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Language: English (en)
Current Version: 7
Development System: Inform 6
Baf's Guide ID: 2962
21st Place - 12th Annual Interactive Fiction Competition (2006)
Nominee, Best Individual NPC - 2006 XYZZY Awards
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Number of Reviews: 3
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Biblical games are always interesting in how they play out. Tenth Plague, about the plagues in Egypt, takes a dark and bitter look at God; Cana according to Micah takes a thoughtful approach; and this game takes a goofy and buffoonish look at God.
You are Jesus, and you have to feed the 5 thousand. To get the 5 loaves and two fish in the story, you have to collect them yourself. Throughout the game, God will accidentally hurt people, send you text-like messages, joke about sex, etc.
The puzzles are a bit uneven. At first, they are mostly standard adventure puzzles, but then they enter a weird mathematical-ish realm where you have to use arithmetic progressions to find houses corresponding to verses in the Bible.
BR:BF is a fun game, if some of the puzzles misfire. It's a jokey retelling of Jesus feeding a crowd with bread and fish. You, as Jesus, need to actually find the bread and fish. It's a tricky prospect. There are people to be healed, and once they are, your Father above--well, he certainly lets you know what to do next. It's kind of a goofy joke I don't want to spoil, but it doesn't get old. No great theological arguments are broached.
Some of the puzzles require Biblical knowledge, and one sort of does--or you can use trial and error. It's based on the number of verses in each chapter of Mark, which seems a bit odd, and there's a bit of arithmetic too. While i like having numbers integrated into a puzzle, this felt like busy work to me, although it also gave the feel of a big, lost place, and it was sort of neat and different to put different priorities on things you needed to map. You then unsurprisingly have to do something based on a Bible verse.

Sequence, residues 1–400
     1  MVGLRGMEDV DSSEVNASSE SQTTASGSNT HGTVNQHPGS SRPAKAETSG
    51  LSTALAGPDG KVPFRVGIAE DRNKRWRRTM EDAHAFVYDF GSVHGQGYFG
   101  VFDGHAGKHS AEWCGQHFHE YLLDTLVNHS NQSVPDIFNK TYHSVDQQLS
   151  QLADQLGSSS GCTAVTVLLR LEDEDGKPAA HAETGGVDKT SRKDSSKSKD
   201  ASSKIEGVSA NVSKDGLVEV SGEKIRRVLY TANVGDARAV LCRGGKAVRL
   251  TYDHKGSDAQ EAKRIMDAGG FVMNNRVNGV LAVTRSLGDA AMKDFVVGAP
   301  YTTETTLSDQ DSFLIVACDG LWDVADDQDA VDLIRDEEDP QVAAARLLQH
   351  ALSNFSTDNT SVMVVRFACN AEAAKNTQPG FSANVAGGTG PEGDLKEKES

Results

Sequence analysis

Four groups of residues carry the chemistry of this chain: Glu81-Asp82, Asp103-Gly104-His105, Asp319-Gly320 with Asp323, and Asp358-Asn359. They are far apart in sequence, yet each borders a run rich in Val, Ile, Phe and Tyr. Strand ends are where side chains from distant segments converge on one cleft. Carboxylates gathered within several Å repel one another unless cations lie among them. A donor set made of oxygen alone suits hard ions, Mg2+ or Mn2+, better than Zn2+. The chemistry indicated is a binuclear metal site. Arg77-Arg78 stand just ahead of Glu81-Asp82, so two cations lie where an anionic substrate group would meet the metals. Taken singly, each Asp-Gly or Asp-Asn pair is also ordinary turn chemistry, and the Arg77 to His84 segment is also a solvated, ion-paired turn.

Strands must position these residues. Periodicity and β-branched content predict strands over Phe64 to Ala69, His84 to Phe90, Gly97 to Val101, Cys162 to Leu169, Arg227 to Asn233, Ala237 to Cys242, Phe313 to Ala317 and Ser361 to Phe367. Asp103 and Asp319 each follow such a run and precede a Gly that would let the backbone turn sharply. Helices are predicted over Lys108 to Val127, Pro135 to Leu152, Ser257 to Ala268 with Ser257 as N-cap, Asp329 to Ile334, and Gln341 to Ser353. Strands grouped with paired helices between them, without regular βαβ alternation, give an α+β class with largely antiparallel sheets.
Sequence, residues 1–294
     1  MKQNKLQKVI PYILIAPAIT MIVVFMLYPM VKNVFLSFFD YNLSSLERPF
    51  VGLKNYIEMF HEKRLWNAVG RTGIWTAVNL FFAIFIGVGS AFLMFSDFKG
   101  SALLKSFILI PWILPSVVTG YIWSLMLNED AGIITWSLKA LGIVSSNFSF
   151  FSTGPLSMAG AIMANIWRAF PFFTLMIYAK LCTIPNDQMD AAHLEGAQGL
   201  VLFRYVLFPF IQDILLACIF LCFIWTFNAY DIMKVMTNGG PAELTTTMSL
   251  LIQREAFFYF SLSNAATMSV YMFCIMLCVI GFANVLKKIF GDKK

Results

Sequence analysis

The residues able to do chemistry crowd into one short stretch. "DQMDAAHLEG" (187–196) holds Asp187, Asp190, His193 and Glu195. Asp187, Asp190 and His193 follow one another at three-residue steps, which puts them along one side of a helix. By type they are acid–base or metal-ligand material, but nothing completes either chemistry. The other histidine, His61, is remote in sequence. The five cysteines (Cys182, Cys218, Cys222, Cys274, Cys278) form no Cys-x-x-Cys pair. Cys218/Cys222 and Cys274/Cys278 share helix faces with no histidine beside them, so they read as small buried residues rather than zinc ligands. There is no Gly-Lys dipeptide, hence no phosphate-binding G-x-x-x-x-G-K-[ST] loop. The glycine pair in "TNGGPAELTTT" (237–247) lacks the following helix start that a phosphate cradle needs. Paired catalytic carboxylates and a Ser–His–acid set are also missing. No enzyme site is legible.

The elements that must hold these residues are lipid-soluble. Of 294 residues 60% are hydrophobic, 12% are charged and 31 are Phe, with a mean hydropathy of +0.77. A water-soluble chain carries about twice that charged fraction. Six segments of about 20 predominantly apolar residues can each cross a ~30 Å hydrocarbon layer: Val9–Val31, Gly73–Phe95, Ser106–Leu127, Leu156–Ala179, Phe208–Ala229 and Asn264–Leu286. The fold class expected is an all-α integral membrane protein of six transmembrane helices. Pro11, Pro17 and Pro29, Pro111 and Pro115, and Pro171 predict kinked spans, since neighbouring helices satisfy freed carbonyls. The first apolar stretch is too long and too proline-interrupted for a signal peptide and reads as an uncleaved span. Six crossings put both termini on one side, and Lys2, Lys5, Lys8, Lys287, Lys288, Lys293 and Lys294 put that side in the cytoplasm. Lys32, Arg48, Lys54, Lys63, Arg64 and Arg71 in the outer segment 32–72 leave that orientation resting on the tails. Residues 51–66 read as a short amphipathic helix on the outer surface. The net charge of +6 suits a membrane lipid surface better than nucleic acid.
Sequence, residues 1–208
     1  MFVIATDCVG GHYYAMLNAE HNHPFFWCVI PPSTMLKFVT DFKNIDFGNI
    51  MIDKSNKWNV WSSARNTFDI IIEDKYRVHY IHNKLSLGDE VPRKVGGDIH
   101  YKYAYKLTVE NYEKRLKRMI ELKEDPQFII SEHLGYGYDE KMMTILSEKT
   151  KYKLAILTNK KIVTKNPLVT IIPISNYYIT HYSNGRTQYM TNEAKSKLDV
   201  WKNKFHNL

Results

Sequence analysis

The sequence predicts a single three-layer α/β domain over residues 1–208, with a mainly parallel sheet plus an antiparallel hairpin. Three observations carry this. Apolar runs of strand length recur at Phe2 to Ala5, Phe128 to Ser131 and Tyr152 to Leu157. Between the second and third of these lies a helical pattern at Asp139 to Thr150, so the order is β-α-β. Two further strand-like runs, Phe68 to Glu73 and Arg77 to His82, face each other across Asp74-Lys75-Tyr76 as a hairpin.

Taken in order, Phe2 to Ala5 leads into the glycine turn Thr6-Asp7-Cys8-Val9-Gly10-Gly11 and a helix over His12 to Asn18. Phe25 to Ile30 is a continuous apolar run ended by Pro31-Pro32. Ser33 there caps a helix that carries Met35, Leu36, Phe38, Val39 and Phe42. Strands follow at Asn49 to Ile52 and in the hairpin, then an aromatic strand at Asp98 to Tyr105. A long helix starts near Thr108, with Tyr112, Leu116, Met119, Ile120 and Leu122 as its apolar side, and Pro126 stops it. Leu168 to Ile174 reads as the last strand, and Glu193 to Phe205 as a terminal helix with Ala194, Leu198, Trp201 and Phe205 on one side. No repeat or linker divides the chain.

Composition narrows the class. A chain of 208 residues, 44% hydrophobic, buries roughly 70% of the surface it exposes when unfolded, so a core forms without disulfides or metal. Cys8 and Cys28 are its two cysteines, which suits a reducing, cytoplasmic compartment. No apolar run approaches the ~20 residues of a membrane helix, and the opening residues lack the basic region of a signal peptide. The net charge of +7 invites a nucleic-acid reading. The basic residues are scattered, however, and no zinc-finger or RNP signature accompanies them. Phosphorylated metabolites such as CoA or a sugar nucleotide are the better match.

This all is a bit odd and uneven. But there are neat moments of talking with the people you've healed and getting very modest favors back from them in search of your big grand meal. I am, however, glad I had David Welbourn's walkthrough as a crutch, so I could enjoy the humor scattered through the game, and I found it interesting enough to replay for what I saw in the AMUSING menu. Certainly I studied it harder than those old Bible verses.
Oh, the ending is a funny take on things. Crowds being crowds, what they do is sort of expected, and it makes for a satisfying denouement.
Though BRBF's puzzles seem forced, I did enjoy the general storytelling and world and humor involved even if it never soars. So I do quite recommend it, but keep a walkthrough handy so it's not too frustrating. Navigating the addresses in the village is an arithmetic grind.
Best game description ever..?!:
In this Biblical tale, you play as Jesus. A crowd of five thousand people have gathered in a field outside the town of Bethsaida to hear you preach, but they’re all very hungry. It would take a miracle to feed this many people, but since you’re the son of God, you might find a way to do that. But how, exactly?
This game was an entry at IF Comp 2006 where it took 21st place. At the 2006 XYZZY Awards, it was a finalist in the Best Individual NPC category for the character of God.
Excerpt from David Welbourn’s blog.
New walkthroughs for December 2021 by David Welbourn
On Saturday, December 25, 2021, I published new walkthroughs for the games and stories listed below! Some of these were paid for by my wonderful patrons at Patreon. Please consider supporting me to make even more new walkthroughs for...